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Clinical application of urine antigen detection in early onset group B streptococcal disease.
  1. E D McIntosh,
  2. H E Jeffery
  1. Department of Preventive Medicine, Royal Alexandra Hospital for Children, Camperdown, NSW, Australia.

    Abstract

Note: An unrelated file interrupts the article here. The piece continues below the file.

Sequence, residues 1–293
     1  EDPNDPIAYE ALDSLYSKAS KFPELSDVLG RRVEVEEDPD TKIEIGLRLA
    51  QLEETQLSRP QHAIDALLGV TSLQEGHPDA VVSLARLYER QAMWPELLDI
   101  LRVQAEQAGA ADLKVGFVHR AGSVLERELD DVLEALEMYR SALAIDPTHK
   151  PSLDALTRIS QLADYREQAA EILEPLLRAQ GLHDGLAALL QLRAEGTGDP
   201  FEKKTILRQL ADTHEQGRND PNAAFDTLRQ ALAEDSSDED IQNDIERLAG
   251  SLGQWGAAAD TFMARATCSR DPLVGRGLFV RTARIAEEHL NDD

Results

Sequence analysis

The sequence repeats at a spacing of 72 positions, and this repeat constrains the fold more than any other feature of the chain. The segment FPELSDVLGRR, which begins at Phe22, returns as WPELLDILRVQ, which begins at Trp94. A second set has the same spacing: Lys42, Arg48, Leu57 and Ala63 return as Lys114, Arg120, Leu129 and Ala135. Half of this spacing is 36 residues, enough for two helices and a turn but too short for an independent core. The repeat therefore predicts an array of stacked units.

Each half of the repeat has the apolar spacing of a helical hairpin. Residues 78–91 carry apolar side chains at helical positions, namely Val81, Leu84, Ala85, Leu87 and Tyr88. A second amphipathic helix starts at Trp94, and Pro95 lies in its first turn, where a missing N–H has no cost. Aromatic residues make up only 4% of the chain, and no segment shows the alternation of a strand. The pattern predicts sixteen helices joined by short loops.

The aim of this study was to test the sensitivity and specificity of antigen detection for group B streptococcus (GBS) from the urine of neonates with early onset GBS sepsis. GBS sepsis was defined as early (< 48 hours) signs of sepsis in a neonate colonised with GBS. Neonates of 26 weeks' gestation or more, considered at risk for sepsis, were prospectively investigated for one year. Investigations included culture of superficial swabs to assess colonisation, blood culture, and the Wellcogen Strep B latex particle agglutination test on urine. Of 188 neonates investigated, 17 (9%) had GBS sepsis. The urine antigen test had a sensitivity of 88% and specificity of 98%. The positive predictive value was 79% and the negative predictive value 99%. Blood culture was positive in only five neonates (29%). The annual incidence of GBS sepsis was 4.0 per 1000 and of blood culture positive GBS disease was 1.2 per 1000 live births. Three neonates died. The application of the urine antigen test of clinical neonatal practice is discussed.

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